Crystal oscillators are difficult to calculate component values for. They are very misunderstood by many.
The phase shift from input to output of a non-inverting amplifies is 0 degrees. Therefore the phase shift through the feedback network must also be 0 degrees.
If a series RLC network will provide zero degrees phase shift at resonance so connecting it between output and input of a non-inverting amplifier will allow oscillation at the resonant frequency defined by L and C. But only if the loop gain (from input to output and back to the input) is greater than or equal to unity.
simulate this circuit – Schematic created using CircuitLab
In the OP's first circuit, the input impedance of the two inverters is a capacitor in parallel with a resistor. Each of these will introduce a phase lag resulting in either a frequency shift or ceasing oscillation altogether. Also there is a propagation delay across each inverter that also causes a phase lag. The feedback resistors are to bias the amplifiers into their linear region. They also reduce the input resistance of their respective inverters. The capacitor between the inverters is for bias isolation.
To compensate the frequency will shift toward the inductive side of the RLC network and so be slightly off resonance for the RLC network, but not the oscillator. A capacitor can be used in series with the RLC network to provide a phase lead bring the RLC network back onto resonance.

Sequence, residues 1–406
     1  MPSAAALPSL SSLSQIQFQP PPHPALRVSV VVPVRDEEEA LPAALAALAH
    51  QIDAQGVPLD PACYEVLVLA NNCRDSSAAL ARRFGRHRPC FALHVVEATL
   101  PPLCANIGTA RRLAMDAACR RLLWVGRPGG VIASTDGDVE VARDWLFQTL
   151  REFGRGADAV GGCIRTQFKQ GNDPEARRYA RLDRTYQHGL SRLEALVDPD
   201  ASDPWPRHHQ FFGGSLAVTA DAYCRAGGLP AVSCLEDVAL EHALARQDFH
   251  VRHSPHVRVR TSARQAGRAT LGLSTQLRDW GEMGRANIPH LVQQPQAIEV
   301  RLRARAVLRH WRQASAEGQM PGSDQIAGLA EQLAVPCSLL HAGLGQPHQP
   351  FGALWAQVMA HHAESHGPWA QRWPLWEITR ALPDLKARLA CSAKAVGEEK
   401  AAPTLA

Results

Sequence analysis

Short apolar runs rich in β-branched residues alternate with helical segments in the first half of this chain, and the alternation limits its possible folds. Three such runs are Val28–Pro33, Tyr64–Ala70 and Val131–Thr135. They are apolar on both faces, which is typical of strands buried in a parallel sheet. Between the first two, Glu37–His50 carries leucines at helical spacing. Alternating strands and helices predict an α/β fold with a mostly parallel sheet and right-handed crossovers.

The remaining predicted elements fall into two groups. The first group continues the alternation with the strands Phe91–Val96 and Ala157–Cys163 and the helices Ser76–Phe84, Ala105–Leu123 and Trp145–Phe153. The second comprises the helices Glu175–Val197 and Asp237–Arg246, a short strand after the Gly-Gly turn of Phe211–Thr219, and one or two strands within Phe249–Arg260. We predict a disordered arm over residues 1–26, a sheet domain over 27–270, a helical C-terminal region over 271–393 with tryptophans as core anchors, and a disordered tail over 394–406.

So the crystal is operating as a series RLC network for the noninverting configuration. Parallel resonance will not work for this configuration.
The OP could place a capacitor in series with the crystal to adjust the frequency. The crystal operates as an inductor in series with C2. Sorry I do not have a calculation. Perhaps a value between 10pF and 50pF would work. I do not have a lot of experience with this configuration so I don't know how robust it is.
The OP's second circuit is not used for crystal oscillators.
simulate this circuit
This diagram demonstrates the standard single inverter crystal oscillator. Rin and Cin are internal to the inverter and are shown external for discussion. R1 provides feedback to bias the inverter to the middle of its linear region.
Ideally the inverter provides a 180 degree phase shift. So the feedback network must also provide 180 degree phase shift for a total of 360 degrees. So the crystal must operate at parallel resonance. The crystal is essentially a second order RLC network so it can provide a 180 degree phase shift at parallel resonance. Or can it?
There's more, as before the inverter has a propagation delay and Rin//Cin adds more phase lag, so actually phase lead is needed to get it right. The crystal must operate in the inductive region between the resonant points in the presence of the series combination of C1 andC2 in parallel with the crystal's lead capacitance. Th crystal operates as an inductance in parallel with C! in series with C2.
But that still may not be enough. If the phase lag is too great then we need a way to get more. This is the purpose for Rs. Rs includes the output resistance of the inverter, so may not be needed. This turns the feedback network into a 3rd order system which in theory can provide up to 270 degrees of phase shift.
I was always told that Rs was to control drive power. It may do that but I think the added phase control is more important.
So in any case the crystal does not operate at its series or parallel resonance. It acts as an inductive element.
I do not have calculations. I do simulation and experimentation. Where microcontroller oscillators are concerned I do as the datasheet tells me. Several years ago I did a simulation in Octave. I looked it up for this poste but it wasn't working. When I get it working again I will update this post.